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Where Are We Now?

With 2013 less than a month away, let's review where we're at in 2012 thus far. It's become clear that the game of printing money at the Federal Reserve (i.e. quantitative easing) isn't working the way many had hoped it would. The S&P 500 is up 13.5% on a year-to-date basis but has yet to reclaim the levels seen since the Bernanke Top (September 14). Gold continues to remain inflated courtesy of the Fed having also declined in price since September. Brent crude oil is down significantly since its February highs and we expect it to head lower into the new year. 2013 will largely be affected by the outcome of the fiscal cliff. Should Congress get its act together, we can, at least for the short-term, expect a buyer's rally across multiple asset classes.

 

Where Are We Now? - image001

 

Where Are We Now? - image002

 

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MCD NOT IN THE CLEAR

McDonald’s reported Global SSS growth of +2.4% in November versus Consensus Metrix -0.1%.  Importantly, the US posted +2.4% SSS versus consensus of -0.8%.  Europe grew SSS 1.4% in November, 130 bps ahead of consensus, and APMEA grew comps +0.6% versus consensus of -0.4%.

 

 

United States

 

The US business reported +2.5% same-store sales growth, far in excess of -0.8% consensus.  The US division was benefiting from a calendar shift and a heavy value push.  On a two-year average basis, trends improved to +4.5% from 1.5%.  October was negatively impacted by calendar shifts; the chart below, on the right, shows calendar adjusted trends which illustrate a more modest improvement in November from the previous month’s trend.

 

November was driven by a heavy focus on the Dollar Menu.  Looking forward, the McRib makes its comeback on December 17th (pushed back from original relaunch date in late October) but 4Q12 trends are still facing an uphill battle as MCD faces its toughest compares of the year in December.  Heading into 1Q13, compares will remain very difficult and the competition will also be heating up with Taco Bell ramping up its national voice.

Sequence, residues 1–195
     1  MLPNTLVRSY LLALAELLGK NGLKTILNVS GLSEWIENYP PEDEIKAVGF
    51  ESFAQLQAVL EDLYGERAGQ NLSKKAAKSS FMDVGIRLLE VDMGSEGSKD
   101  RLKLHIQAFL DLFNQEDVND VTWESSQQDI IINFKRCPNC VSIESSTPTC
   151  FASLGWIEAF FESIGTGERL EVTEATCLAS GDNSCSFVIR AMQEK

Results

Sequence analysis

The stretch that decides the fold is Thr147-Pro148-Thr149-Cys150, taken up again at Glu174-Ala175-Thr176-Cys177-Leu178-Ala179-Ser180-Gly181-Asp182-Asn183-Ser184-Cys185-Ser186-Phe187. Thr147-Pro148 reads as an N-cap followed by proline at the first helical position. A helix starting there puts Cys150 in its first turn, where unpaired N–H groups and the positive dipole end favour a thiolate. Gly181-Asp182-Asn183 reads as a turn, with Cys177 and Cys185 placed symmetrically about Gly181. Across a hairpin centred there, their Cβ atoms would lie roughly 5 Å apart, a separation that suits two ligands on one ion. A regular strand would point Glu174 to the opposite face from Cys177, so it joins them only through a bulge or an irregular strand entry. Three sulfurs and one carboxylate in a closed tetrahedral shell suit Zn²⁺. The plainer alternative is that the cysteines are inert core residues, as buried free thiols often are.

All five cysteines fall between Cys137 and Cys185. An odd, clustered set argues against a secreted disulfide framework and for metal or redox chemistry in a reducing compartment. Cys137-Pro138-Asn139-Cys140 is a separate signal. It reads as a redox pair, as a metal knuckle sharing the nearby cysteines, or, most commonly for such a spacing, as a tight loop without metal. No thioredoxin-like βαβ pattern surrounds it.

MCD NOT IN THE CLEAR - mcd us coms

 

 

Europe

 

MCD Europe reported 1.4% comps in November, beating +0.1% consensus.  The calendar shift impact helped business in Europe with many previously-negative markets turning positive in November.  The UK continued to see positive organic growth in its business.  Germany, one of the most important markets in Europe, continues to act as a drag on overall results.  Margins in Europe are tracking lower-than-planned this quarter as promoting value has taken a toll. 

 

MCD NOT IN THE CLEAR - mcd eu comps

 

 

APMEA

 

The APMEA business grew same-store sales +0.6%, led by Australia, despite ongoing weakness in Japan.  A significant portion of the headline improvement in two-year average trends in APMEA was due to the calendar shift.  The value message continues to resonate in Australia but trends in China continue to decelerate with trends roughly flat in November. 

 

MCD NOT IN THE CLEAR - mcd apmea comps

 

 

Takeaway

 

November was a decent month for McDonald’s but, combining October and November to smooth out calendar-shift impacts shows a trend roughly level with September.  We believe that the business, on a global basis, did improve sequentially but by much less than the headline numbers might suggest.  The true improvement was modest, in our view, and we would need to see several months of improvement for our skepticism to reverse.  We continue to expect margin pressure in 2013 and view FY13 consensus EPS estimates of $5.80 as overly bullish.  Until expectations come in, we are not advising clients to buy this stock.